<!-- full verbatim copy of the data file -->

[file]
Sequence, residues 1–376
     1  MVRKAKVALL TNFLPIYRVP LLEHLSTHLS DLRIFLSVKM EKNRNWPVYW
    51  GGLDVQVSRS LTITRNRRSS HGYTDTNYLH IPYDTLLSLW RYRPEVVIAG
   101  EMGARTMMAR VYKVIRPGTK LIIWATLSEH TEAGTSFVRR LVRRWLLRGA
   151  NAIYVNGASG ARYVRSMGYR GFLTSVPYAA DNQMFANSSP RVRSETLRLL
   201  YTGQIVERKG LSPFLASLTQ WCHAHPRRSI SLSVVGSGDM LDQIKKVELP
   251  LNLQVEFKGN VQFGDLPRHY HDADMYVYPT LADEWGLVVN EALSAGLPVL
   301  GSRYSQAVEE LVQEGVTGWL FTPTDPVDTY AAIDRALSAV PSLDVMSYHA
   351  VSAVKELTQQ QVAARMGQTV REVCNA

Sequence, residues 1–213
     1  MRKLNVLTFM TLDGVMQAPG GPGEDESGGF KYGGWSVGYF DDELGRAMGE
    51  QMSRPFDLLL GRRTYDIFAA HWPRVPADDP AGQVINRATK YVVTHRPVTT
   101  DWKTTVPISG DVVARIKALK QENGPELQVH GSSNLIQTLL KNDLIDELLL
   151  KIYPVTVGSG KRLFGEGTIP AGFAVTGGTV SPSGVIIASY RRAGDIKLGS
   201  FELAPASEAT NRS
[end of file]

Sequence, residues 1–376
     1  MVRKAKVALL TNFLPIYRVP LLEHLSTHLS DLRIFLSVKM EKNRNWPVYW
    51  GGLDVQVSRS LTITRNRRSS HGYTDTNYLH IPYDTLLSLW RYRPEVVIAG
   101  EMGARTMMAR VYKVIRPGTK LIIWATLSEH TEAGTSFVRR LVRRWLLRGA
   151  NAIYVNGASG ARYVRSMGYR GFLTSVPYAA DNQMFANSSP RVRSETLRLL
   201  YTGQIVERKG LSPFLASLTQ WCHAHPRRSI SLSVVGSGDM LDQIKKVELP
   251  LNLQVEFKGN VQFGDLPRHY HDADMYVYPT LADEWGLVVN EALSAGLPVL
   301  GSRYSQAVEE LVQEGVTGWL FTPTDPVDTY AAIDRALSAV PSLDVMSYHA
   351  VSAVKELTQQ QVAARMGQTV REVCNA

Sequence, residues 1–213
     1  MRKLNVLTFM TLDGVMQAPG GPGEDESGGF KYGGWSVGYF DDELGRAMGE
    51  QMSRPFDLLL GRRTYDIFAA HWPRVPADDP AGQVINRATK YVVTHRPVTT
   101  DWKTTVPISG DVVARIKALK QENGPELQVH GSSNLIQTLL KNDLIDELLL
   151  KIYPVTVGSG KRLFGEGTIP AGFAVTGGTV SPSGVIIASY RRAGDIKLGS
   201  FELAPASEAT NRS